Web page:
The East Hampton Presbyterian Church’s Session House was full on Friday night as residents came to hear recollections of the Hurricane of 1938 from four who experienced it up close.
The discussion was inspired by the popularity of “The Long Island Express: Rare Photographs of East Hampton Town After the 1938 Hurricane” at the East Hampton Historical Society’s Clinton Academy. Originally slated to conclude on Oct. 8, the exhibit was extended and will now close on Sunday.
Richard Barons, the society’s director, announced that the exhibit was drawing more than 100 people per day. He, along with Hugh King, the town crier, then introduced John Ecker, Norton (Bucket) Daniels, Josephine Crasky, and Donald Halsey as the evening’s panelists.
“What thing do you remember most?” Mr. King asked them.
John Ecker of Montauk, whose family owned Trail’s End restaurant, then situated at the fishing village at Fort Pond Bay, spoke of an enduring memory: “Sitting on chairs and water was up to our knees. We walked through waist-high water to the [Montauk] Manor. The wind was blowing 75, 80 miles per hour.”
Watching the steeple of the Amagansett Presbyterian Church topple, said Ms. Crasky, remains a vivid memory, along with the short but perilous journey home from school, she and her siblings “hanging on, hand in hand,” as her father led them across the street. “Trees were beginning to be uprooted and were falling down. We were all so frightened.”
Mr. Halsey recalled watching men attempt to secure automobiles in his father’s garage, a truck being backed up against one door, a Packard against the other. “Suddenly, the whole back wall collapsed,” he said. He ran to the office to inform his father, who told him to go home. “Many big trees were down,” he said, including one lying atop a crushed Buick.
Mr. Daniels recalled “the velocity and howling of the wind,” and then “a terrible burst of rain. That wind blew for about three hours.”
“We were not aware of any terrible storm coming,” said Ms. Crasky. “There was nothing that gave us any inclination that we would get into this terrific storm-turned-hurricane. There was nothing we could do. It was too late.”
In Montauk, there was some warning, said Mr. Ecker, albeit too late to matter. Employees at the Montauk Manor, which had just closed for the season, would typically come to Trail’s End for lunch. “These were people from Florida who had hurricane experience. When they came down at lunchtime at 11 or 12 o’clock, they said, ‘This looks like a hurricane,’ ” he said.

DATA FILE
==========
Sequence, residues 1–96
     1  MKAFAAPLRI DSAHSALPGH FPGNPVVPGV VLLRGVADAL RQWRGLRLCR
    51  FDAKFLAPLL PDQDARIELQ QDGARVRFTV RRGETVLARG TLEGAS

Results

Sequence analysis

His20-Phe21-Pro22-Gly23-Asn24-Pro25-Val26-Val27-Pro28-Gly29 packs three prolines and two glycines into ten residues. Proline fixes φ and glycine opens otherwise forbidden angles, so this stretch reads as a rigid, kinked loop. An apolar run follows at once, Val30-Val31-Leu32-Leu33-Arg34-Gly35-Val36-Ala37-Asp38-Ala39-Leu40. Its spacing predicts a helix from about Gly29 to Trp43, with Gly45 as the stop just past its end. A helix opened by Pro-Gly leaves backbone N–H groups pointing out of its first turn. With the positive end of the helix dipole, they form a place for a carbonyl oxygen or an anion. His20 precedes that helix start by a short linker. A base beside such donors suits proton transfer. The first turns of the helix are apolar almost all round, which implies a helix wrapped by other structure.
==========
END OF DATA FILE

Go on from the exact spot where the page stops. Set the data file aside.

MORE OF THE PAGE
Residents of the fishing village were fortunate, Mr. Ecker said, that the Montauk Manor was not only nearby and on high ground, but also was mostly vacant. “That’s where we took refuge. We lived up there for a few weeks. Some people lived up there as long as five months or so, before they got their houses cleaned.”
“It was just getting dark when all this happened,” he continued. “There was a slate roof on the Manor. The next morning, when daylight came, you could see pieces of slate driven into the ground. Miraculously, not one person was killed or hurt by that slate coming off the roof.”
There was an upside to the unprecedented damage, the panelists recalled. “It created a little bit of work for people that didn’t have work in the wintertime,” said Ms. Crasky. “The town needed to hire people to clean up this devastated place. That was an opportunity for some people.”
“There was plenty of work,” Mr. Daniels agreed. “Carpenters, painters, electricians, masons, plumbers — they had jobs. The hardware stores, paint stores got busy, the lumberyard sold lumber. People came from the Deep South, from the Midwest, to work. The good times lasted for nearly a year.”
Mr. King asked if there had been animosity toward those people. “No, we welcomed them,” Mr. Halsey replied. “There was so much to do.”
The evening at the Session House, Mr. Barons concluded, “reminds us what villages and towns are like. There’s that sense of community, getting together and trying to clean up afterward, working together.”
From grave danger and unimaginable destruction came an affirmation of community and resolve. Just the same, said Mr. Daniels, “I never want to go through another.”